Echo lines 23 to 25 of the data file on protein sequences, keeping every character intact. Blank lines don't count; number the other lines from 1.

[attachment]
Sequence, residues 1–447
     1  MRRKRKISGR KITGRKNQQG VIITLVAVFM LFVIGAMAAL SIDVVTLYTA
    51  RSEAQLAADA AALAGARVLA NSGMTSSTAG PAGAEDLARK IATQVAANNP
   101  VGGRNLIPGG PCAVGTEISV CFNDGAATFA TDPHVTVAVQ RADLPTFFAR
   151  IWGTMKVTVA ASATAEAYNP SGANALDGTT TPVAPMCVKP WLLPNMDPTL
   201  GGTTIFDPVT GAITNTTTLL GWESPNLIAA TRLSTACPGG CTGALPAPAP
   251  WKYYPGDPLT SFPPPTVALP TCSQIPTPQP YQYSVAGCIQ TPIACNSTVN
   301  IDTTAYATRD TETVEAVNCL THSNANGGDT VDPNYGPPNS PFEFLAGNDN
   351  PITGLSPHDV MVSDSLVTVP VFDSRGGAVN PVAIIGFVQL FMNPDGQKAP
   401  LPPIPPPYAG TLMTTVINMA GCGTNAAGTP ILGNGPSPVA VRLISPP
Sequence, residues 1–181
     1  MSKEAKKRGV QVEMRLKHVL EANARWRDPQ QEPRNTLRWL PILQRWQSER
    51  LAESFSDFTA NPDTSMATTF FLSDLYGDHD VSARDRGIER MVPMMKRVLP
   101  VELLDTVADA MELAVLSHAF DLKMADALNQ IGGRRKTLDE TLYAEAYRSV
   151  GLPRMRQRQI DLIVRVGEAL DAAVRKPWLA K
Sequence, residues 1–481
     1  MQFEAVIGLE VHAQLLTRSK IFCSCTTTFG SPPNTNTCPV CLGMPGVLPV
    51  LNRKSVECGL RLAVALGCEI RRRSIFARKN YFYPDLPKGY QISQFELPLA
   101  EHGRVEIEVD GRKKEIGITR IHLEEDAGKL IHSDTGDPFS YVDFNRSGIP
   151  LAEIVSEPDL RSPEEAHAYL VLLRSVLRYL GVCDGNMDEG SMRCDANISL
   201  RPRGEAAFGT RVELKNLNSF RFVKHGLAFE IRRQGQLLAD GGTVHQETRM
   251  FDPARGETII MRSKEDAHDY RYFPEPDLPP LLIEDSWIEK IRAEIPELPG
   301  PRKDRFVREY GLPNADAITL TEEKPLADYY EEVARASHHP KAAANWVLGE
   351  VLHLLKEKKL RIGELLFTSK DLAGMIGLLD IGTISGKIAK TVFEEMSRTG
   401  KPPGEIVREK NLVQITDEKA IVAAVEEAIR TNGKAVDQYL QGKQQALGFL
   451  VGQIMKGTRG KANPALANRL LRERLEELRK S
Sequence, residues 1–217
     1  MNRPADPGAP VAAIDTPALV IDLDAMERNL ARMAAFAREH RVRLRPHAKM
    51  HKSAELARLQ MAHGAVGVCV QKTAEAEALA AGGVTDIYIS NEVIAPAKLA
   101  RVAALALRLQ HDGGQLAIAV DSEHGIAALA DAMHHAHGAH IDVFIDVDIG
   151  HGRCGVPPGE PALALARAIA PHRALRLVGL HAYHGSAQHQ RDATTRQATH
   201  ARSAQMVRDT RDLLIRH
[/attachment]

   301  PRKDRFVREY GLPNADAITL TEEKPLADYY EEVARASHHP KAAANWVLGE
   351  VLHLLKEKKL RIGELLFTSK DLAGMIGLLD IGTISGKIAK TVFEEMSRTG
   401  KPPGEIVREK NLVQITDEKA IVAAVEEAIR TNGKAVDQYL QGKQQALGFL